The San Quentin education program is expanding after severe budget cuts in recent years. Leading the changes is Tony Beebe, acting principal of the prison’s Robert Burton Adult School.
“The statistics are very clear,” said Beebe. “If you get an education while in prison, recidivism rates drop.”
When people argue against educating, the incarcerated and the benefits that can come from it, Beebe speaks from experience.
“My argument is: educating the incarcerated works. The question is: what’s the price we are willing to pay for failing to do it?” he said. “For me personally, that price is too high.”
In 2004, Beebe began working at San Quentin. Subsequently, he transferred to California Medical Facility for about two years, returning to San Quentin in 2012. “I was the vice principal at CMF and it was really excellent,” he said. “It was one of the best learning experiences I’ve ever had.”
Discussing educational history, Beebe said education was denied to African-Americans but it was forced on Native Americans. “I’m from the Tsalagi (Cherokee Indian) nation, as my mother, my grandmother and all of my great-grandmothers,” he explains. “Children were taken from their tribes and beaten if they didn’t learn the language, but that has not affected my outlook on correctional education.”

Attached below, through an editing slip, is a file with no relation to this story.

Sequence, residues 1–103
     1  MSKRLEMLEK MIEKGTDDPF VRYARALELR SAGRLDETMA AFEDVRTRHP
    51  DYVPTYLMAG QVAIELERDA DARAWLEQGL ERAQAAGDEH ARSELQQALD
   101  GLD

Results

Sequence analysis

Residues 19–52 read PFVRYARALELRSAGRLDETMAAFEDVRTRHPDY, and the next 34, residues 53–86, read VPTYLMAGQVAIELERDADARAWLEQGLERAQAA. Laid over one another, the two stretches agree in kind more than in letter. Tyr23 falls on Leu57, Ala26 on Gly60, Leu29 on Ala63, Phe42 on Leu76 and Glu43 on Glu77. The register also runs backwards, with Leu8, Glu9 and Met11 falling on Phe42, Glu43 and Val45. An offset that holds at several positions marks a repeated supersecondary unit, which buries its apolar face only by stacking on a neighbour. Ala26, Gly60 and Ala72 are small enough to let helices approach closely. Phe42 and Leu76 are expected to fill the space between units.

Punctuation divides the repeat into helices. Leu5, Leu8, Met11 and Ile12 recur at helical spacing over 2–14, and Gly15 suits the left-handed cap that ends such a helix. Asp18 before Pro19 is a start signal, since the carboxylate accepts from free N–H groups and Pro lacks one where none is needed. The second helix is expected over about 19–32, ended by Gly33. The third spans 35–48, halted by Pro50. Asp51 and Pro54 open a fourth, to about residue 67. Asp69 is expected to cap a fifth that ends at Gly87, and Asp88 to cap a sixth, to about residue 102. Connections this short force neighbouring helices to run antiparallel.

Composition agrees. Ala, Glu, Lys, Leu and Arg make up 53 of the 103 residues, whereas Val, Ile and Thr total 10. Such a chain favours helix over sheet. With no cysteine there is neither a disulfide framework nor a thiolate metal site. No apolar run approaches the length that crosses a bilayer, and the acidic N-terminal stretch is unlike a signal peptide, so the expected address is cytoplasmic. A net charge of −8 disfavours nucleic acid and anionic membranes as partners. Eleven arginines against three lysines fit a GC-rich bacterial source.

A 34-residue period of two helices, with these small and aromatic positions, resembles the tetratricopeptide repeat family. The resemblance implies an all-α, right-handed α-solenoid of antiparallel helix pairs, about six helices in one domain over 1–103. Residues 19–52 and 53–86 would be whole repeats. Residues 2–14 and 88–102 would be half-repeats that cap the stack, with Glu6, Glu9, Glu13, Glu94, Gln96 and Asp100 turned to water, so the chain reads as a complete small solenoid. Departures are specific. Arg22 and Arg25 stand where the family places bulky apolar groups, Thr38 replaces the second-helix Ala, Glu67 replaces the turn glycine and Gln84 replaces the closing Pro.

“If you get an education while in prison, recidivism rates drop”
A graduate of Sacramento State University, Beebe received a degree in education administration. He said his style of leadership is to adjust to the situation and assume everyone is professional and doing what is expected of him or her.
“My hand is expected to be on the wheel and in some cases my influence will be applied to get the desired outcome,” he said. “My tendency is not to hinder people. If you’re doing a great job, you’ll not hear from me.”
“We do have two new vocational instructors, Mr. Ronald Romo and Mr. Dante Callegari,” said Beebe. “Mr. Romo is our electronics teacher. Mr. Callegari is the building maintenance instructor.”
“We are approved for 12 computers to be delivered and installed,” he said. The computers were bought with federal funds; and will be used to assist prisoners seeking GEDs (high school equivalencies), and college degrees.
Beebe said he expects the separate computer literacy program will be open in August. “It will be serving about 70 percent of eligible inmates,” Beebe said.